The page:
Problem Officer Variables and Early-Warning Systems

Allegations of police misconduct are a concern for many. Officers, agencies, and communities can all be affected. A growing number of researchers have indicated that approximately 10 percent of police officers can cause, or have caused, 90 percent of the problems in law enforcement agencies. In 1981, the U.S. Commission on Civil Rights recommended that all police agencies create an early-warning system (EWS) to identify problem officers, who exhibit most of the patterns of improper behavior and about whom the majority of complaints are received. By 1999, 27 percent of local law enforcement agencies serving populations of 50,000 or more had established an EWS; another 12 percent were planning on implementing such a program.1 An EWS is a police management database tool designed to identify officers whose behavior is problematic and to provide a form of intervention to correct that behavior.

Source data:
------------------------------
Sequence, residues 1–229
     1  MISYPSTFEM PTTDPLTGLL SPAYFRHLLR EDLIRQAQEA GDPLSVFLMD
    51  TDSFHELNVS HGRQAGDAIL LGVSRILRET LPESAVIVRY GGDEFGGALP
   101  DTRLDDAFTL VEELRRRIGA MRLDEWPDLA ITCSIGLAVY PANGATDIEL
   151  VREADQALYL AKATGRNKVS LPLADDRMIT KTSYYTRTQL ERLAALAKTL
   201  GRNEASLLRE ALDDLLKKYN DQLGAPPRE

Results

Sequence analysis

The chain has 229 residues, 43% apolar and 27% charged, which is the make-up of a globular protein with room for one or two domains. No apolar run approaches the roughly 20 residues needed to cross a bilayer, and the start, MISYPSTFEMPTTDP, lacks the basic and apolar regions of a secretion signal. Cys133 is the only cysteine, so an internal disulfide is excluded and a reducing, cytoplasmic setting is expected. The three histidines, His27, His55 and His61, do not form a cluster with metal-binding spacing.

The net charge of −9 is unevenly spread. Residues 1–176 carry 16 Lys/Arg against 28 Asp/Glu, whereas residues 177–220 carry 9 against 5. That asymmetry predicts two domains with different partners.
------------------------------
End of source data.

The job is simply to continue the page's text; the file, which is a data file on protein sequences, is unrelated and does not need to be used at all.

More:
EWSs have three basic phases: selection, intervention, and postintervention monitoring. This article focuses primarily on the selection phase, examining possible variables that relate to future officer misconduct. Through early-warning systems, officers are identified by behavior, performance, and situational factors in well maintained database and records systems. Once officers have been identified as problematic for the EWS program, management intervenes to change their behavior. After the intervention, the officer’s subsequent behavior and performance are monitored to ensure the success of the intervention. However, in order for an EWS to be effective at all, those wishing to implement such a system must first properly identify the appropriate variables that are causing or creating a problem. Exploring these variables is important not only for the implementation and/or improvement of an EWS but also for the improvement of internal-affairs investigation processes as well as policy and decision making. Once the proper variables are identified and targeted, EWSs can assist agencies in the early identification of and intervention in the behavior of problem officers, helping to reduce liabilities and preserve the officer’s career. It should be noted that the research in the area of problem variables is relatively new and by no means definitive. Police agencies considering implementation of an EWS should keep in mind that their unique personnel make-up, the types of police services they provide, and the demographics of the community they serve will all affect the type and extent of police misconduct allegations.